Guidelines for the Management of Vitiligo

The European Dermatology Forum Consensus

A. Taieb; A. Alomar; M. Böhm; M.L. Dell'Anna; A. De Pase; V. Eleftheriadou; K. Ezzedine; Y. Gauthier; D.J. Gawkrodger; T. Jouary; G. Leone; S. Moretti; L. Nieuweboer-Krobotova; M.J. Olsson; D. Parsad; T. Passeron; A. Tanew; W. van der Veen; N. van Geel; M. Whitton; A. Wolkerstorfer; M. Picardo


The British Journal of Dermatology. 2013;168(1):5-19. 

In This Article


Given the importance of charlatanism in the vitiligo field, counselling patients to avoid some therapies of dubious efficacy is a major step. As stated in the Cochrane review on vitligo,[6] there are many limitations to deriving a valuable algorithm of treatment for all patients with vitiligo based on RCTs. Firstly, RCTs are rare and often lacking important methodological steps or details. Secondly, studies have often been conducted in heterogeneous groups in terms of duration or progression, and mixing localized, segmental and nonsegmental forms. Thirdly, there are many confounding factors (light exposure in long-term interventions, nutritional intake for antioxidants, or awareness on limitation of the Koebner phenomenon).

Nevertheless, a stepwise treatment approach divided by type of vitiligo and extent, which needs modulation by visibility, age and coping is outlined in Table 4 and the algorithm in Figure 1. A zero line is always possible, meaning no treatment if the disease is not bothering the patient. The environmental factors (occupation, Koebner phenomenon, sustained stress or anxiety) should always be discussed. For SV, triggering neurogenic factors are usually envisaged but good studies are lacking to prove this point. This stepwise approach should be considered as a proposal based mostly on evidence-based medicine data. However, there is much room for modulation and innovation based on this scheme.[119]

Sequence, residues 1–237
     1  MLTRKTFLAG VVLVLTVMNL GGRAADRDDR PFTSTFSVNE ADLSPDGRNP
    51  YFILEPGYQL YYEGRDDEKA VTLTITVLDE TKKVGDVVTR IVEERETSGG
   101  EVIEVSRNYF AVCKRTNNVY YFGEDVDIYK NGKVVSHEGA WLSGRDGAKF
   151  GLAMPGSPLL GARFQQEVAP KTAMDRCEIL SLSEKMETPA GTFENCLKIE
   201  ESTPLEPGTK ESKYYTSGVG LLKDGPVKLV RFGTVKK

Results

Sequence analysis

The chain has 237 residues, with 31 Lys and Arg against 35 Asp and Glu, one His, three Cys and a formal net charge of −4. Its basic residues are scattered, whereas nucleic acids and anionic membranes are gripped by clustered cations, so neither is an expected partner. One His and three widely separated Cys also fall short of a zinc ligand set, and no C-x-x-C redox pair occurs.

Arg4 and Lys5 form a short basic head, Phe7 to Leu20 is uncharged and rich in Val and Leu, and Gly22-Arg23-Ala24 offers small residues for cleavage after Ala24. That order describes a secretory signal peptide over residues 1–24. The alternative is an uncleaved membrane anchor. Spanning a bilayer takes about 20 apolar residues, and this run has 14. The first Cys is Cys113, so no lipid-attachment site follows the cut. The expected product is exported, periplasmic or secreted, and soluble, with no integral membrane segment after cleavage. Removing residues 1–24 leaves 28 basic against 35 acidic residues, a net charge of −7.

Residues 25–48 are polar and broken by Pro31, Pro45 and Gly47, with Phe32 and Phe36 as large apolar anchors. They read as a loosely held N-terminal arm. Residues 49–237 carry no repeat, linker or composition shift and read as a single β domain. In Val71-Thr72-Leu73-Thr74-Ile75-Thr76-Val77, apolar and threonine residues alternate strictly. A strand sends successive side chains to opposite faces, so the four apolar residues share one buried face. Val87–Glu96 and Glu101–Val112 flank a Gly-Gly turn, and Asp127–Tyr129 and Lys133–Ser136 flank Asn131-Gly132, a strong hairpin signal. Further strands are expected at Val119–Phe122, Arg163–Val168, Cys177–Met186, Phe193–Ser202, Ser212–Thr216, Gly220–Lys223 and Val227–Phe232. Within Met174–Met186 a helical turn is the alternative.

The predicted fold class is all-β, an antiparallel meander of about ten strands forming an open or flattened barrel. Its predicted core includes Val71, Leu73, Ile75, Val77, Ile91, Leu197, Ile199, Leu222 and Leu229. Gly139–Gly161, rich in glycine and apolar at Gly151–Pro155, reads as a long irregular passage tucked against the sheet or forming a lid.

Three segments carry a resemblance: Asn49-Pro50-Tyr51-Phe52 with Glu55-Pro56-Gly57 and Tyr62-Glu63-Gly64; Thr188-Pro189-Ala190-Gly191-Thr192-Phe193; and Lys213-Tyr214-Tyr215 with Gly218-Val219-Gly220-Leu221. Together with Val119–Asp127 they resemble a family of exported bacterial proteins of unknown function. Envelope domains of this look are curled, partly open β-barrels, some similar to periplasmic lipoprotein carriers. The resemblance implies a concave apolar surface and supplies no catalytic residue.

Figure 1.

The algorithms represent a handy support for the management of patients with nonsegmental vitiligo (NSV) (a) or segmental vitiligo (SV) (b) during the clinical routine. CS, corticosteroid; KP, Koebner phenomenon; TIM, topical immunomodulating macrolactams; NB-UVB, narrowband ultraviolet B; MEL, monochromatic excimer lamp; w/o, without.

The polygenic and multifactorial background in vitiligo should be reflected in more personalized approaches in the future.[119] An early therapeutic intervention before the appearance of leucotrichia is recommended. Cutaneous inflammation may be a shared feature in all cases. Accordingly, a more aggressive anti-inflammatory therapy, including methotrexate, would probably be helpful. If the initial step preceding inflammation comes from a local predisposition of melanocytes to attach poorly to the basement membrane, there are possible targets to improve adhesion mechanisms. The issue of self-renewal ('stemness') aptitude of melanocytes has been raised especially for SV,[119] which clearly benefits from autologous grafting. If impairment of melanocyte survival mechanisms are a cause, growth factor supplementation, such as melanocyte-stimulating hormone (MSH) analogues[120,121] could be used. Improving the antioxidant status of the epidermis has been attempted, but more powerful tools using gene transfer might be used in the future.[122]

When melanocyte loss has been stopped, therapy needs to address repigmentation. New repigmenting therapies are emerging such as helium–neon (He–Ne) lasers and prostaglandin E2.[123,124] Recent development in the field of melanocyte precursors are promising. If we can better stimulate the migration of those cells towards the epidermis and understand why they usually stop migrating when becoming pigmented, a major step would be achieved. Newer technologies derived from progenitors or reprogrammed skin cells[125] will probably further increase the possibility of surgical intervention.